FedEx has 84,700 trucks. UPS has 119,000. JB Hunt has in the range of 12,000. Most logistics and transportation companies have fleets in the range of thousands. Managing every single truck in each fleet is no mean feat. With most of these trucks geographically scattered across the planet, physically managing them is extremely difficult, if not impossible.
Enter technology and a future where the real-time location of any truck can be traced, the air pressure of its tires monitored, and driver behavior supervised – all from a remote location. Here’s a quick peek into the technologies that will make it possible:
Telematics is not a standalone technology, but a combination of several technologies including telecommunication, vehicular engineering, smart sensors, GPS navigation, cloud connectivity, and multimedia services.
The future of fleet management will have telematics infusion at scale. It will enable transporters to have access to vehicular data at ground-level. For example, tire pressure monitoring sensors will stream data using 5G connectivity to cloud servers and mobile apps. Truck drivers and fleet managers alike can view the tire’s pressure on their mobile devices or full-screen dashboards to maintain pressure levels.
"There was a time when telematics was a nice-to-have. Now, [it] is a must-have.” Andrés Irlando Verizon Connect's chief executive said at the annual Latitude conference.
Did you know that UPS trucks never take a left turn? Apparently, vehicle routing software has determined that left turns were a waste of time as it resulted in longer routes. By avoiding left turns, UPS saves close to 10 million gallons of fuel annually( CNN) and has reduced accidents associated with left-hand turns.
UPS is a giant in the logistics industry and has invested heavily in routing software that suggests cost-saving routes without left turns. Thanks to the democratization of technology, even small scale transported and logistic players are now able to integrate GPS-based navigation systems into their backendx. This will pave a better future for the transportation industry where data-backed route planning will be the norm.
On November 27, 2017, Elon Musk arrived on the stage on a Tesla driverless truck. That marked the first day autonomous trucks, not just cars, became a commercially viable offering. Aside from Tesla, major truck manufacturers like Daimler are racing to build autonomous trucks that are super-efficient at navigating their own way on highways and there are no foreseeable reasons why transporters would not embrace these smart and cost-efficient autonomous trucks for their operations.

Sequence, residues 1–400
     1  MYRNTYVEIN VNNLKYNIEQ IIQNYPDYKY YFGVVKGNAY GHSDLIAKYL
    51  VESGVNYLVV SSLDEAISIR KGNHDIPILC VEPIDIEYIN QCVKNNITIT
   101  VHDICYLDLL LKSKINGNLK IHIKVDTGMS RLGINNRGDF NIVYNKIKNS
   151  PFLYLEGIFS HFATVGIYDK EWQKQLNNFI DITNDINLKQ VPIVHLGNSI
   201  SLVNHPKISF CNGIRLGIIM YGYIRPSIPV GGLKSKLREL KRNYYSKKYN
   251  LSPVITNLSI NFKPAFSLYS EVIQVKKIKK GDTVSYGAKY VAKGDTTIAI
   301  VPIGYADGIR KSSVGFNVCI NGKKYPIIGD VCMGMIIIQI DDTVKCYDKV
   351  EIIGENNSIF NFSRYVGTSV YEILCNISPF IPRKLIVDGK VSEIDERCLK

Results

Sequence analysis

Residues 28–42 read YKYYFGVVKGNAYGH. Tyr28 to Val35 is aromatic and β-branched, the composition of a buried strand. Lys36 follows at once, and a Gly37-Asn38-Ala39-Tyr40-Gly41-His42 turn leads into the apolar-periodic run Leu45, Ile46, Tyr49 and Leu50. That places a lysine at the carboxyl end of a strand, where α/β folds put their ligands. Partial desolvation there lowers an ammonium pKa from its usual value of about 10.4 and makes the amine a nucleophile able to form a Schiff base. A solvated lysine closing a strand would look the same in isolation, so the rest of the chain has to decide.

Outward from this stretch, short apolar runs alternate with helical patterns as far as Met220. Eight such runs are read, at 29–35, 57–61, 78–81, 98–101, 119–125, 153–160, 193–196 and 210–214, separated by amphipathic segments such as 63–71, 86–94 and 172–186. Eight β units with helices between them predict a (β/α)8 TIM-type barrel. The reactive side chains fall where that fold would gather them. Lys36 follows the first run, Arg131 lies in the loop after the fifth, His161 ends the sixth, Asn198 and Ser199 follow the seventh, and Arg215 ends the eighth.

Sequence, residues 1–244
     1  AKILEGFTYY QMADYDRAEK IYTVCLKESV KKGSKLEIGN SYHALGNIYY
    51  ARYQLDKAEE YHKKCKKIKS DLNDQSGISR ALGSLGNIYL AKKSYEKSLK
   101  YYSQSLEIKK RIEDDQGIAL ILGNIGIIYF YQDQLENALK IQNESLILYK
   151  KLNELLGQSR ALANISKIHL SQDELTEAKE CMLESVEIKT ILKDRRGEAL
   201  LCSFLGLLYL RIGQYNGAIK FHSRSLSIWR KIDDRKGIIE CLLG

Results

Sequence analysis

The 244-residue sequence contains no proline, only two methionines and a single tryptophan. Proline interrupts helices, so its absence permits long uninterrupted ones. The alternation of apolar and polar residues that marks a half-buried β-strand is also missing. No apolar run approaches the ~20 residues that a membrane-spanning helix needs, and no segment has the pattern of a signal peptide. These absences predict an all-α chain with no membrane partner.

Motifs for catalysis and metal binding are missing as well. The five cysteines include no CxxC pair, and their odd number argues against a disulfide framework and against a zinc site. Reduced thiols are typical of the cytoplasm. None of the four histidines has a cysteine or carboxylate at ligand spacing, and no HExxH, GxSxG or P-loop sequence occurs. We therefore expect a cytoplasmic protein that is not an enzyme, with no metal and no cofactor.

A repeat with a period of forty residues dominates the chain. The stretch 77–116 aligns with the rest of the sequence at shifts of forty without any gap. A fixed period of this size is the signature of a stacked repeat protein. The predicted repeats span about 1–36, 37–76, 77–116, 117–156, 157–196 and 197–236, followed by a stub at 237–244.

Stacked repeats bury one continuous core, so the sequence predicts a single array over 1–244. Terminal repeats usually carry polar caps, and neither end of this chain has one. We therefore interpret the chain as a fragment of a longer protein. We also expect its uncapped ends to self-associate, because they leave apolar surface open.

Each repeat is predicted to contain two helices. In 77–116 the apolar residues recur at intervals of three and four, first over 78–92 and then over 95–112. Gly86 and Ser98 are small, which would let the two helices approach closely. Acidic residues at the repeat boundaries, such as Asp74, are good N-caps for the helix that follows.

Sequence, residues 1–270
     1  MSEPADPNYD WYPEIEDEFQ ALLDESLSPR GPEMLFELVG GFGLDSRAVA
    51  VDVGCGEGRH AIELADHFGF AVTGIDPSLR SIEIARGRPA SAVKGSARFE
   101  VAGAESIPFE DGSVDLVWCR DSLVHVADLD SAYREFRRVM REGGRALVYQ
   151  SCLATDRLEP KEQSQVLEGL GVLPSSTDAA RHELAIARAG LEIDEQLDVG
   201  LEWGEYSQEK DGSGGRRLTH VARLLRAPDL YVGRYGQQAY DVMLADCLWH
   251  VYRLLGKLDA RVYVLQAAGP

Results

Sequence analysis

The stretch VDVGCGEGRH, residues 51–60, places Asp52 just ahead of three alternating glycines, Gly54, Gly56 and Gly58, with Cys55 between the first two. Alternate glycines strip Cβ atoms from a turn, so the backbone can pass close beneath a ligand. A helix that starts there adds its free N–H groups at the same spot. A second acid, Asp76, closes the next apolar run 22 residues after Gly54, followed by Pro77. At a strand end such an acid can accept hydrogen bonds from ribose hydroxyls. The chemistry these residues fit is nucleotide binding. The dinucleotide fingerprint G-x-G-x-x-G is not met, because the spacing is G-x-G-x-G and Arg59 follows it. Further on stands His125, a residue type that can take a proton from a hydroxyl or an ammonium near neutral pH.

The Internet of Things has been in the news for all the right reasons. It is creating a mesh of digitally connected devices that exchange data and interact with each other through cloud servers.
One possible use of IoT in fleet management is predictive management. Trucks are heavy-weight machines that suffer extreme wear and tear due to long-distance hauls. Unfortunately, when fleet size is in the range of thousands, it is difficult for fleet owners to zero in on trucks that need preventive maintenance. IoT can solve this problem.
IoT sensors attached to vehicle parts can stream data that can be analyzed to predict possible breakdowns. This helps in preventing unexpected downtimes and also contributes to extending the truck’s lifespan. In fact, insurers in the United Kingdom have already started integrating IoT data in motor insurance premium calculations.
Although they are key components of the global economy, the transport and logistics industry has been accused of being the harbinger of global warming and climate change. Enter Electric Vehicles.
Electric vehicles use embedded batteries as power sources for propelling the vehicle instead of fossil fuels like petrol or diesel. Compared to fossil fuels that emit hazardous pollutants, EV vehicles have negligible emissions. Although it will take some time before we see them on the roads, Tesla’s autonomous trucks hint at the beginning of a better future.
The future of commercial fleet management is one that is highly influenced by digital technologies. These trends prove that we are inching closer to a future where autonomous vehicles and data-backed route plans will be the norm. These tech-based innovations will lighten the load for fleet managers. In the process, they will also result in cost savings and augment operational efficiency.
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